A former deputy chief administrator for the City of Richmond is representing the team behind a proposal for a five-story building off a stretch of Chamberlayne Avenue that’s been attracting new investment in recent years.
Doug Dunlap, who served as the city’s director of housing, community and development before leaving City Hall in March 2020, is applying for a rezoning on behalf of a property owner that wants to develop a mixed-use building with 52 apartments and ground-floor commercial space at 711 Dawn St.
The half-acre site, at the corner of Tazewell Avenue just north of where it branches off from Chamberlayne, is across Dawn Street from Tabol Brewing, which opened its doors in 2019 in the area known as Chamberlayne Industrial Park.
Two existing buildings would be demolished on the Dawn Street site to make way for the project. The adjoining buildings fill the bulk of the corner parcel and currently house paving supplier Neyra Industries and general contractor T K Davis Construction Co.
Dunlap is representing the applicant on a rezoning request that the city Planning Commission is scheduled to hear at its meeting Monday by property owner Max Holdings LLC, which is registered with the State Corporation Commission by T K Davis owner Tommy Davis.
Reached Friday, Dunlap declined to discuss the project beyond what’s included in city documents without Davis’s permission but did say he’s not part of the ownership or development group. A message left for Davis at his office, which was closed late Friday afternoon, was not returned.
City property records show that Davis’s LLC has owned the property since 2001, when it was purchased for $170,000. The property most recently was assessed by the city at $317,000.
The apartments would consist of 34 one-bedroom and 18 two-bedroom units. One-fifth of the units would be designated for families making 80 percent or less of the median household income. The 7,000-square-foot ground-floor commercial space would be targeted to professional and personal service businesses.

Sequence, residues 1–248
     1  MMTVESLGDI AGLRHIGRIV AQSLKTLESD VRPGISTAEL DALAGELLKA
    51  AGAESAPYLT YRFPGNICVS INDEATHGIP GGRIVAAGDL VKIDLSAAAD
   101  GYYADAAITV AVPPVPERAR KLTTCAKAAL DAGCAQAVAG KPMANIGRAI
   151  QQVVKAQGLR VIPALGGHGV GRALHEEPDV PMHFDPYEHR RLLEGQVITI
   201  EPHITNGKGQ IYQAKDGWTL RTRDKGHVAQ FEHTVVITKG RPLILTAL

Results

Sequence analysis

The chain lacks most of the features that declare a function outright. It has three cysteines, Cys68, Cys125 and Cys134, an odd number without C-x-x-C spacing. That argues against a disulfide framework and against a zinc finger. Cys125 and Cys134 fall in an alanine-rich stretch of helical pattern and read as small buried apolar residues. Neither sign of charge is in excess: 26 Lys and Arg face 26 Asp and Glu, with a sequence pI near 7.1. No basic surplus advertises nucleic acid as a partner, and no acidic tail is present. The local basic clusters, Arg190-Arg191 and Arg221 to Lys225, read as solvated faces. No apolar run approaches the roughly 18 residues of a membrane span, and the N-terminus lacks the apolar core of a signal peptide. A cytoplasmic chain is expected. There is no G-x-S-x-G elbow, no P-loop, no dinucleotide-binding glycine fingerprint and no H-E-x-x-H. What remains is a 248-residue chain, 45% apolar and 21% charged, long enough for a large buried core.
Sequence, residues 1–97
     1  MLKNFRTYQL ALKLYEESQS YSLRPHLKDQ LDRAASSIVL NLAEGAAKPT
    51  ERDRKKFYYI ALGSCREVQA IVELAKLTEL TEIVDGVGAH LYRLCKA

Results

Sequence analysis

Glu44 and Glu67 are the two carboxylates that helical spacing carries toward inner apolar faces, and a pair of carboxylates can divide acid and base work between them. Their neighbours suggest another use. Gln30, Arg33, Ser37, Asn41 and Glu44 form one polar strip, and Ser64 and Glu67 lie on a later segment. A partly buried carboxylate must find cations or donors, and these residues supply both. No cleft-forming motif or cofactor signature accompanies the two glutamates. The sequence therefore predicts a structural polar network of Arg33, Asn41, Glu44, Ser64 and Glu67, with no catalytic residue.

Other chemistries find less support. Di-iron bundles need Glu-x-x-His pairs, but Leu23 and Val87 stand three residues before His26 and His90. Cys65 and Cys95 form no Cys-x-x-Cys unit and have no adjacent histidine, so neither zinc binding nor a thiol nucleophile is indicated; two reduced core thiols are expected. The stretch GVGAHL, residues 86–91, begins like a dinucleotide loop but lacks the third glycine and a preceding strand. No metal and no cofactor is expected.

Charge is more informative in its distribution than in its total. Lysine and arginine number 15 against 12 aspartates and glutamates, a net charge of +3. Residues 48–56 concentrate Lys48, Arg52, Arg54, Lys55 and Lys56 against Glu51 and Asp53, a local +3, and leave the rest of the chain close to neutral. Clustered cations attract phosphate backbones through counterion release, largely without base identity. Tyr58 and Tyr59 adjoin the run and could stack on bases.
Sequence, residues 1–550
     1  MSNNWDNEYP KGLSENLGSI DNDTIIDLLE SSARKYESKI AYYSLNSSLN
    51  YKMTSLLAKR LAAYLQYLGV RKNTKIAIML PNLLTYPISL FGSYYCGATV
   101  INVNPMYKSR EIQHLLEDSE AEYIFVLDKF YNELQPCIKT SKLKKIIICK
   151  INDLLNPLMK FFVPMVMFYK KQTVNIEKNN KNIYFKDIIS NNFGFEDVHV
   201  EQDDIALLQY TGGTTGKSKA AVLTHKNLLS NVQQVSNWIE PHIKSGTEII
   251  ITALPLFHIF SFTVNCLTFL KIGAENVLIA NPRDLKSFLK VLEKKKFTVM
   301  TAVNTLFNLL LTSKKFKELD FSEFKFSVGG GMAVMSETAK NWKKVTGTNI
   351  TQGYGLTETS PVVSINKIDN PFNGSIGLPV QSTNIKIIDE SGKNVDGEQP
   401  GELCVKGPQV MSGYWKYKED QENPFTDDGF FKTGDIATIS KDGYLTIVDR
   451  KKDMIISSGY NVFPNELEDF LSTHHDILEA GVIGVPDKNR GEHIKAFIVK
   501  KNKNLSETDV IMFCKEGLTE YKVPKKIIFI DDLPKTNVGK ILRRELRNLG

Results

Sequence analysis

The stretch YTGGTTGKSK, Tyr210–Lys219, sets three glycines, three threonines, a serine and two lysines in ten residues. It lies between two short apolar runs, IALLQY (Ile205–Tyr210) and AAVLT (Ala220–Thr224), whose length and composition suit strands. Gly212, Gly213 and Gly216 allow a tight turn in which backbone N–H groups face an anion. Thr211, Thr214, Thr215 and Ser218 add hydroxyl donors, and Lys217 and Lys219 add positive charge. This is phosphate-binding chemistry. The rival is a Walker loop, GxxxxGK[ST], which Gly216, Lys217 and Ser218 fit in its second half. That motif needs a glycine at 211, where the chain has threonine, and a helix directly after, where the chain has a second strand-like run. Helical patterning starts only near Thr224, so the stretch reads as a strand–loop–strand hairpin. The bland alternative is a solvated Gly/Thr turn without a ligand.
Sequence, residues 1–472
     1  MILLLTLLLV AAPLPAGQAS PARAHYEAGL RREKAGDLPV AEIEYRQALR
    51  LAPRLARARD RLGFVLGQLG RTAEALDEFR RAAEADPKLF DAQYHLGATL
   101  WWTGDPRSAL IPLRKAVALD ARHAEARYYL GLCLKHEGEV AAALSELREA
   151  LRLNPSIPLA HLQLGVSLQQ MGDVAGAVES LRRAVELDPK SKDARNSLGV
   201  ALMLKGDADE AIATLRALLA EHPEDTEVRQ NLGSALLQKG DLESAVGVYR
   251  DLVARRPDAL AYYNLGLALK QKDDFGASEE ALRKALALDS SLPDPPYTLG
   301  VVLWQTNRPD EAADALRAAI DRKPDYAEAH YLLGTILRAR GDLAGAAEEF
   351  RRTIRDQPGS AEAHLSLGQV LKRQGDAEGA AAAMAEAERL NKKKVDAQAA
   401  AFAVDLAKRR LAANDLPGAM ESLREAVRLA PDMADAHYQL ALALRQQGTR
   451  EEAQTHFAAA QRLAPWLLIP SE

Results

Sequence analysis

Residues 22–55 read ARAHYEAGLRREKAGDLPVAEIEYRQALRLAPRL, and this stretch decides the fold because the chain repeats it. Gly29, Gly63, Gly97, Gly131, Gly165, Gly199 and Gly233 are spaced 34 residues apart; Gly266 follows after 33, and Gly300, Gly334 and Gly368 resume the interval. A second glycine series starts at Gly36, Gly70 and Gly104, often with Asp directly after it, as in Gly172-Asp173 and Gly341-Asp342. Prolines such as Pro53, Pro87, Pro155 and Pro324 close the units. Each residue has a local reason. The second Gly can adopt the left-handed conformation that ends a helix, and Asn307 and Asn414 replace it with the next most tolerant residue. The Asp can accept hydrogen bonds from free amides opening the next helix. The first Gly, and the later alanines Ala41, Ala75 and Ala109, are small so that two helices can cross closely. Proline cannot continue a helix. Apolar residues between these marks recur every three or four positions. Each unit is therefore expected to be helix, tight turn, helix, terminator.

An application from Dunlap submitted to the city in December describes the development as aligning with the VUU/Chamberlayne Neighborhood Plan. It was adopted by the city in 2016 and calls for mixed-use, pedestrian-friendly development in the area of Chamberlayne, Brook Road and Lombardy Street.
City-initiated rezonings to support that plan were approved three years later.
Dunlap also noted other investments in the area since that plan was adopted, including Tabol, neighboring dog training business Sit Means Sit, and residential infill developments such as the nearby School Street Apartments, a 152-unit apartment building for seniors at the intersection of School Street and Chamberlayne from Crescent Development and Spy Rock Real Estate Group.
The application states that the building’s design would integrate the neighborhood’s industrial character. Virginia Beach-based Saunders + Crouse Architects is designing the building. A contractor and engineer were not specified in the application.
The project adds to a recent wave of development interest and investment along and around Chamberlayne.
Last year, a portfolio of 23 apartment buildings with nearly 500 units sold to a New Jersey-based buyer in a trio of multi-parcel deals that totaled $27.5 million.
And farther west near VUU, the 200-unit Foundry apartments from Virginia Beach-based The Lawson Cos. continue to take shape between Brook and the interstate. A few blocks north across Brook, MVP Equities is signed on to develop a 224-unit complex between the post office and adjacent Spectrum apartments.